When I first talked about the HP Pavilion HPE Phoenix, I don’t think there’s any question about who is being targeted: Someone that likes games and can appreciate power…..but doesn’t want to dig inside their PC all that often. In short, the Phoenix is built for a more mainstream crowd that is cool with a single-GPU system. You know, because maybe they are OK with playing games at 1920 by 1080 resolutions….
I took the HPE Phoenix for a couple quick tests and it performed pretty well. However, a couple questions kept popping up both in my head and in the forums: How tough is this thing to upgrade? How far can you really take the Phoenix? Why would I need to upgrade the graphics in this machine? Can my giant-sausage fingers fit inside this tight case? All fair questions…..that I'm about to answer with a quick video....
Q: How tough is this thing to upgrade?
In previous stories I've noted that there's this big crossbar that sits in front of the graphics card - it is there primarily to keep the card secure when it's in transit (whether it’s getting from the factory to your house or if you're lugging this to a LAN party). In order to do the card swap, it really wasn't too big a chore.
Undo the two screws keeping the retaining bar in place.
Remove the exterior plate that keeps the cards in place (another two screws).
Unplug power to whatever card you have in there.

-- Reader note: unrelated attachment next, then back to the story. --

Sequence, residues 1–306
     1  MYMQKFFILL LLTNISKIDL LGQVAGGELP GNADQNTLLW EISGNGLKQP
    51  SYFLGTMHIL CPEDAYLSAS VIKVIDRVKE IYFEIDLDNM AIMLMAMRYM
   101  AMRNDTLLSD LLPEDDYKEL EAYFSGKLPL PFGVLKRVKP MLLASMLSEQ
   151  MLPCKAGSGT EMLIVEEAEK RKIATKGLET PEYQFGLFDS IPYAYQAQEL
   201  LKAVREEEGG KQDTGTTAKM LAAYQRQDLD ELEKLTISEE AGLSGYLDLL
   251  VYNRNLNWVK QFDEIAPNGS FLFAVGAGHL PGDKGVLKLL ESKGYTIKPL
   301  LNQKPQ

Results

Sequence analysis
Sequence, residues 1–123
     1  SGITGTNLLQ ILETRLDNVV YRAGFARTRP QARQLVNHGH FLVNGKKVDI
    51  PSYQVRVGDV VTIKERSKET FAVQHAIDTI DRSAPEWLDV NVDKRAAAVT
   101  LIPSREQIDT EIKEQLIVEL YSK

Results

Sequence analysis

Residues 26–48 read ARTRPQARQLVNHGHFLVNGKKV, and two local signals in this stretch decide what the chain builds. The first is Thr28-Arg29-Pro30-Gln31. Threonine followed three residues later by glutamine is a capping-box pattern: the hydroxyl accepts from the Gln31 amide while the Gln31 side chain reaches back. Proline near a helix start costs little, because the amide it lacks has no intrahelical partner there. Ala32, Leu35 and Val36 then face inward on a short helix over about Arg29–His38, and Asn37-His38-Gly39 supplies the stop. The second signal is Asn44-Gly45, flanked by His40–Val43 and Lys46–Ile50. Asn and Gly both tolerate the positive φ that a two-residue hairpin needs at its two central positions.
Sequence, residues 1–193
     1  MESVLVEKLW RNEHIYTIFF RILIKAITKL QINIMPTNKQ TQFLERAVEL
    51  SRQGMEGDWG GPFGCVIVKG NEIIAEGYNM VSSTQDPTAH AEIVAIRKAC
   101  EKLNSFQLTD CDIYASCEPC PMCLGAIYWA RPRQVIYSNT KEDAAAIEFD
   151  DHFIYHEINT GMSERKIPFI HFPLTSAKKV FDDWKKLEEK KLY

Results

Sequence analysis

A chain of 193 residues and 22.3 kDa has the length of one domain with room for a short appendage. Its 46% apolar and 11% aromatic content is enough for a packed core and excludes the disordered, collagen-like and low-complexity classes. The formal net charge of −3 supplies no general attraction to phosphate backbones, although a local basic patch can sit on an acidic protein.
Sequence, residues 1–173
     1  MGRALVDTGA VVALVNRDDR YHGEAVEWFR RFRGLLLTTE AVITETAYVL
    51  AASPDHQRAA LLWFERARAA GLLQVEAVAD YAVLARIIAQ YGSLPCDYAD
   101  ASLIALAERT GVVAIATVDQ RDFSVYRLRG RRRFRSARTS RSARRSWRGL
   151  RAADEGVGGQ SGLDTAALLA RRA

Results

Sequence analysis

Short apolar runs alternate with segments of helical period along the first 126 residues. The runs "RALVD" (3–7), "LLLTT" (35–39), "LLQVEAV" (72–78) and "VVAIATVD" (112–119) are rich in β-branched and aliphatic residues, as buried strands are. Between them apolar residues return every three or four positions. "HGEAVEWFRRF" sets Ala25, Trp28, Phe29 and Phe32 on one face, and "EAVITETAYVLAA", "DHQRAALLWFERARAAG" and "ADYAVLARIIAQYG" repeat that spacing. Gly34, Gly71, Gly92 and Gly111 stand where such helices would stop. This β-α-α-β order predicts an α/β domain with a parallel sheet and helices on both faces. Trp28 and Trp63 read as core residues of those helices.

Unseat the old card. (This is the only part that may take a second or two because you've got cramped quarters in a tiny PC and the cabling comes over the graphics card. Once you get past that, it's a breeze)
Plug in the new one.
All said and done, maybe two minutes of your time. If you don’t take a drink break. Like I did.
You know what? How about I just show you how it’s done, then you’ll see I’m not blowing smoke.
Q: How far can you really take the Phoenix?
Well, unlike competing small form-factor PCs I’ve seen lately, this guy has a 600 Watt power supply. That means it has ample horsepower to run your PC fast…and still handle a solid Graphics board. While the Phoenix’s case is a restructured HPE, it remains small and manages to squeeze in all the pieces you need. Recently I’ve been running tests and I’ve had no problem swapping in and out cards – like AMD’s Radeon HD 7950 and NVIDIA’s GTX 580. (As I just demoed in the video).
If you want, you can expand the RAM up to 16GB and there’s enough room to strap in 3 storage drives if you need to the room.
Q: Why would I need to upgrade the graphics in this machine? Hey I get it, not everybody plays games. If you’re not a gamer, your gut is probably telling you that you won’t need to upgrade the graphics. It’s true that you might not need it right this minute – gaming is constantly evolving and demanding more – but plenty of other demanding programs exist and Windows 8 is just around the corner with an even frostier interface that looks gorgeous. This is what can help speed along compressing / encoding video and the newest revs of Adobe’s creative suites are full of hooks into GPU-based processing, for example. Just throwing it out there
In short, upgrading graphics (and RAM) is just a smart way to prolong the PC you bought.
And if you really want to get more out of the graphics card you already have, I highly recommend you check out these common sense graphics card tips I laid out a little while back: Know Your Graphic Limits.
Q: Can my giant-sausage fingers fit inside this tight case?